Similarly, we need to adopt a more holistic or interdisciplinary approach to Greek warfare. We should break away from our focus on just those types of evidence that we are comfortable with and treat other classes of material with equal rigour. This means that we sometimes have to operate out of our comfort zone or – heaven forfend! – work together with colleagues from other disciplines. But engaging with as much available evidence as possible is necessary to arrive at new insights; otherwise, we may never get out of, for example, just rewriting Herodotus over and over again.
Thirdly, and perhaps most importantly, we need to make our theoretical frameworks explicit. If you have no idea what kinds of theories and methods you employ in your work, it is time to engage in some introspection. It is perfectly acceptable to tell the reader what your biases are and how you approach a particular topic. Indeed, you can even tell the reader that you picked the topic because it is of personal interest to you. But make sure that it is obvious to the reader exactly why you picked this or that subject, why you chose that bit of evidence and not another, and how you arrive at your conclusions. Good scholarly writing is not just about writing an appealing narrative: it has to be grounded in good scholarship or – in a word – science.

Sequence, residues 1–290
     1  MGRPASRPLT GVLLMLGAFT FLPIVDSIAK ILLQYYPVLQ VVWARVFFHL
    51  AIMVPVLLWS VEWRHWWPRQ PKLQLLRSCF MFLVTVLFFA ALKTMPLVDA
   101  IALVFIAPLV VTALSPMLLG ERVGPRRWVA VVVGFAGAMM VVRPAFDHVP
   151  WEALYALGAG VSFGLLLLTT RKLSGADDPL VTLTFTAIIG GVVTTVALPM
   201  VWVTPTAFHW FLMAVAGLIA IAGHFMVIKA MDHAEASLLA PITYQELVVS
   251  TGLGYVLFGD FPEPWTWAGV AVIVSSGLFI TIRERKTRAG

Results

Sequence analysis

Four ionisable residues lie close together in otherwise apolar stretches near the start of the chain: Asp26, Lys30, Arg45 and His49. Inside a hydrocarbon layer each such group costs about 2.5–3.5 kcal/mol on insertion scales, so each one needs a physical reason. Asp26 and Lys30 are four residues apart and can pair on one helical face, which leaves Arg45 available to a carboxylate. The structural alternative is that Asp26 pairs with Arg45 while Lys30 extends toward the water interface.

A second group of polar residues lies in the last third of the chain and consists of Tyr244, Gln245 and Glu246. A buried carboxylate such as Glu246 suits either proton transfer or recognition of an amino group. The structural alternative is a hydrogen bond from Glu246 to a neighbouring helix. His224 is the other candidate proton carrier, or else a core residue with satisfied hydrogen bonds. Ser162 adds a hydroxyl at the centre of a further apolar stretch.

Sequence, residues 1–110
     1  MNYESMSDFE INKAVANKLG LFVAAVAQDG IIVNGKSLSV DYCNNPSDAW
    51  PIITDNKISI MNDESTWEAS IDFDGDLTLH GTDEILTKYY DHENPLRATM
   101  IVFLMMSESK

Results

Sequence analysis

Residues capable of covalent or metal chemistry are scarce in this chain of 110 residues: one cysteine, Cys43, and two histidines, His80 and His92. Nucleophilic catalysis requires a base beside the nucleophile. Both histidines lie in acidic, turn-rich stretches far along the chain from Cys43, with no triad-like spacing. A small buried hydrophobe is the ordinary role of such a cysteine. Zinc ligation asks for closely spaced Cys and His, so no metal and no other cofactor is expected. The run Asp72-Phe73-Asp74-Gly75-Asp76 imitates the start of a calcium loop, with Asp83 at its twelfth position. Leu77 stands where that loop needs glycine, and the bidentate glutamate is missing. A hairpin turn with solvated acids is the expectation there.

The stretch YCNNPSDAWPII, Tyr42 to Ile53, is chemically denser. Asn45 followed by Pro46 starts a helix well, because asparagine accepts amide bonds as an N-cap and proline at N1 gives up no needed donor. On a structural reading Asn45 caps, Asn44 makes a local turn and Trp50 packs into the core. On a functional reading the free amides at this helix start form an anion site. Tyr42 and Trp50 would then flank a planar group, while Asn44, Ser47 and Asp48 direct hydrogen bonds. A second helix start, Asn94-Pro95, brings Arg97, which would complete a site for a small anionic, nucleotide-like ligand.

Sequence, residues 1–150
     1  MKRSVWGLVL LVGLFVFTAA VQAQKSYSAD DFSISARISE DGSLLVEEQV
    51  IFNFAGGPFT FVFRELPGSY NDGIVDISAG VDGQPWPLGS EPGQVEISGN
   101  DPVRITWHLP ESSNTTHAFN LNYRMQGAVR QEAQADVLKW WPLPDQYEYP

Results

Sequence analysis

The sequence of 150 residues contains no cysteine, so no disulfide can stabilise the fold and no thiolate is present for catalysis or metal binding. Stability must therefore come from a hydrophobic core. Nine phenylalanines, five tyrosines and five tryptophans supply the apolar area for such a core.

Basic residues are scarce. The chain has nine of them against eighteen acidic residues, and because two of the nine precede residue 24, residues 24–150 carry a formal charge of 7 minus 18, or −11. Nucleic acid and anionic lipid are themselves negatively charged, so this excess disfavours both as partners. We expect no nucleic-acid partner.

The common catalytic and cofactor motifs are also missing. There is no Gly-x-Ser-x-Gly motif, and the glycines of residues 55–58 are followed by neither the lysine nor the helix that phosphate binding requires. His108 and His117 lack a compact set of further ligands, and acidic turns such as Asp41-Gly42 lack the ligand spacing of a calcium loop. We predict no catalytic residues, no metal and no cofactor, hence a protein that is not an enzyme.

Finally, and related to the foregoing, is that we have to be aware of how our own ideas about the past – and, indeed, even the present – may colour our interpretations of it. If you wish to write a political pamphlet in which Greek warfare is linked to modern ideology, that is your choice: just be sure not to couch it in terms that make it seem like a scholarly work that represents a particular historical “truth”. If you insist that the ancient Greeks were just like us, then this is something that needs to be demonstrated, not simply accepted as true from outset.
- Josho Brouwers, Henchmen of Ares: Warriors and Warfare in Early Greece (2013).
- Ian Hodder, Theory and Practice in Archaeology (1992).
- Donald Kagan and V.G. Viggiano (eds), Men of Bronze: Hoplite Warfare in Ancient Greece (2013).
- Peter Krentz, “Deception in Archaic and Classical Greek warfare”, in: Hans van Wees (ed.), War and Violence in Ancient Greece (2000), pp. 167-200.
- Barry Molloy (ed.), The Cutting Edge: Studies in Ancient and Medieval Combat (2007).
- Michael Shanks, Classical Archaeology of Greece (1996).
- Adam Smith’s The Political Landscape: Constellations of Authority in Early Complex Polities (2003).
- Anthony Snodgrass, Homer and the Artists: Text and Picture in Early Greek Art (1998).
- Hans van Wees, Greek Warfare: Myths and Realities (2004).